I’ll start with pics of the resort itself. It’s one of the first all inclusives in Cabo San Lucas, and it has an amazing location on a hill between the ocean and the Cabo San Lucas marina. I’m in love with it. With its desert-style gardens and huge rocks, it’s a far cry from Cancun.
My first morning I got invited out on an ATV tour through the Baja California desert. It was one of the coolest things I’ve ever done! We played around on the desert then at the beach.
Not a real wink... maybe too much sun? haha
Saturday night… a sunset sailboat cruise to Land’s End Arch. I felt like a Kardashian.
Full moon rising at sunset
The resort’s sales director told me and my coworker Enrique that there was a beach formed under the arch. This only happens every few years, so we had to go the next morning to make sure we could see it before it disappeared for another 6 years or so. First we had a boat drop us off at the nearby Lovers’ Beach:
Then we crossed to the neighboring Divorce Beach. At the back of the beach was a thin strip of sand along a rock wall that led to the arch. The problem: The waves would crash against the rock, then fall back and expose the sand. We had to time it perfectly and sprint through the temporary mini-beach, but it was worth it because we got to be one of the lucky few who can say they stood under the Land’s End Arch:
I have 5 more days here, so there will be more photos to come! In the meanwhile, I’m posting a few pics a day on the Gringation Cancun Facebook page.
After spending the last 4 out of 5 weeks “on the road”, I finally get to spend most of June here at home in Cancun. Everything has been pretty surreal since leaving my office job, with a week in my hometown of Richmond, two weeks at Playa del Carmen resorts for work (very cool, but pretty lonely) and another week back in the States surrounded by family.
This morning I woke up feeling sad and happy at the same time… happy to finally be able to settle in to my new everyday life of writing, Starbucks and hanging out with my dogs, but also sad to leave my family. My middle sister Sarah just got married over the weekend in Asheville, NC, and it was a pretty awesome mountain wedding. I spent the whole week shopping with my oldest sister in Charlotte, meeting Sarah’s friends at her bachelorette party and going out with (almost) all my cousins in downtown Asheville. (Side note: If you’re a fan of beer, mountains, hipsters and an overall great time, I recommend Asheville.)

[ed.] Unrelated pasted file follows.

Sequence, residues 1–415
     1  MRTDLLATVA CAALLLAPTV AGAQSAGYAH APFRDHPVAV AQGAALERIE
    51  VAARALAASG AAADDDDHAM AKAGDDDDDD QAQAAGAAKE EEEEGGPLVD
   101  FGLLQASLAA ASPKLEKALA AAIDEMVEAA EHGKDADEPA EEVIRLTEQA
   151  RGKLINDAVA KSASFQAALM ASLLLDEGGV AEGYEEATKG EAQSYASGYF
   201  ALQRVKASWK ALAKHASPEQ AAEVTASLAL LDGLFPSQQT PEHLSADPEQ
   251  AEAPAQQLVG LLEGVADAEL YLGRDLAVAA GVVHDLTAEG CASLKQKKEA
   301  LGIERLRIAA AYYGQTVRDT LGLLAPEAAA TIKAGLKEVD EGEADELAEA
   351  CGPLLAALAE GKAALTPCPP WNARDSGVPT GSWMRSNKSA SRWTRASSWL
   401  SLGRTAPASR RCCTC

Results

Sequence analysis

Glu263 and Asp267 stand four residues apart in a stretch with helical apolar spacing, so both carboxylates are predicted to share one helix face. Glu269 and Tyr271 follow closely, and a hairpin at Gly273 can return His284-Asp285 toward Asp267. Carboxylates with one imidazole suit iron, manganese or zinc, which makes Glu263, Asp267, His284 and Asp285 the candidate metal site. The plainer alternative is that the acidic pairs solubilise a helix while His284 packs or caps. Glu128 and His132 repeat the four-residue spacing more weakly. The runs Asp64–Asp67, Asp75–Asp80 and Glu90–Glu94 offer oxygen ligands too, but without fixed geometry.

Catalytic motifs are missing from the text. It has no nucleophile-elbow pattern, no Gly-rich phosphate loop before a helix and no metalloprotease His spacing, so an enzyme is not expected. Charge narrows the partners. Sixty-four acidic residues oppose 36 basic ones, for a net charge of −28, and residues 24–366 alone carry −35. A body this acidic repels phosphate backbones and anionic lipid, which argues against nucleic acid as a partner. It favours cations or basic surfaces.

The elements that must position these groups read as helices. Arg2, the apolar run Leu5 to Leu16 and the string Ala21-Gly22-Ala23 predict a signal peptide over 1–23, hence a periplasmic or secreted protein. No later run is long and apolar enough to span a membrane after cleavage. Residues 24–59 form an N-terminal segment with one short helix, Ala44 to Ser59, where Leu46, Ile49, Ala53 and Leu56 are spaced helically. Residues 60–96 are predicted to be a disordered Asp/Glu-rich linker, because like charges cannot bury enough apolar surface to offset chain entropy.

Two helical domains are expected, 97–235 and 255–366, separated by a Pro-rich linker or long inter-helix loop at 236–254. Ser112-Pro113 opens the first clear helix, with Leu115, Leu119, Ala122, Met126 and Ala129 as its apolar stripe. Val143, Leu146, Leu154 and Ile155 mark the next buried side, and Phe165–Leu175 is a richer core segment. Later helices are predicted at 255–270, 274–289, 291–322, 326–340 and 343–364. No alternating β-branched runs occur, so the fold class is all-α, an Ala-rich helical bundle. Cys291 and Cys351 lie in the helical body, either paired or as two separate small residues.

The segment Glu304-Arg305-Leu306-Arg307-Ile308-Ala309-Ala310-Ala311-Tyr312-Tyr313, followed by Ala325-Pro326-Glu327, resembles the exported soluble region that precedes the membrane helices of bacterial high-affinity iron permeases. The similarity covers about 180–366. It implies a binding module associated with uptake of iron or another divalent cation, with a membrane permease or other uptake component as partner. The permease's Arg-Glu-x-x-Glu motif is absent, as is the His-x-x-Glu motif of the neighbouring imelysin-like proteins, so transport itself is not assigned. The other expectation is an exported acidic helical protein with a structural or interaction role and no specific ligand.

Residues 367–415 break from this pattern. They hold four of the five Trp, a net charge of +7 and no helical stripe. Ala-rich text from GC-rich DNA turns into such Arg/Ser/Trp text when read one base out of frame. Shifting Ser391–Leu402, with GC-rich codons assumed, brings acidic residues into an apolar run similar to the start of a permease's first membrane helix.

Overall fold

Stealing a Facebook photo from my sister's beautiful wedding! There's me just to the left of the bride... not sure what I'm looking at.
Then suddenly, today I’m thrown back to my little makeshift office surrounded by the first downpour of Cancun’s rainy season, with Jorge working extra evening hours the next few days. After such a crazy week surrounded by my favorite people, now I just feel alone again.
I’ll get over it in a few days. This always happens when I get back from a trip back home. Every trip, I feel like I want to move back to the States to be around family, but then Jorge reminds me that everyone in my family lives in different cities and only gets together like that on holidays and special occasions. Living there wouldn’t be the same as visiting.
It’s probably time to call up some Cancun friends for dinner to get out of this slump… if the rain ever stops!
I know… I made a huge announcement a month ago then dropped off the face of the earth. Well, I’m still making frequent updates on my Facebook page so my followers know what’s been going on, but the blog has been lonely since mid-April!
April 25 was my last day at the travel agency, so I went back home to Virginia for a week to visit family. I even had my first official day “on the job” blogging from a Starbucks with my dad in my hometown of Richmond (tried to get a people-free picture, but as it turns out Starbucks is a popular place):
Ever since I got back to Cancun, I’ve been playing catch-up with my new jobs. I love every single one (there are 3… well, 1 big one and 2 small-ish ones) but I’ve had a hard time figuring out my new schedule with all the changes going on. Haven’t gotten into a groove yet, although I do love FINALLY being able to blog from my favorite Cancun Starbucks terrace: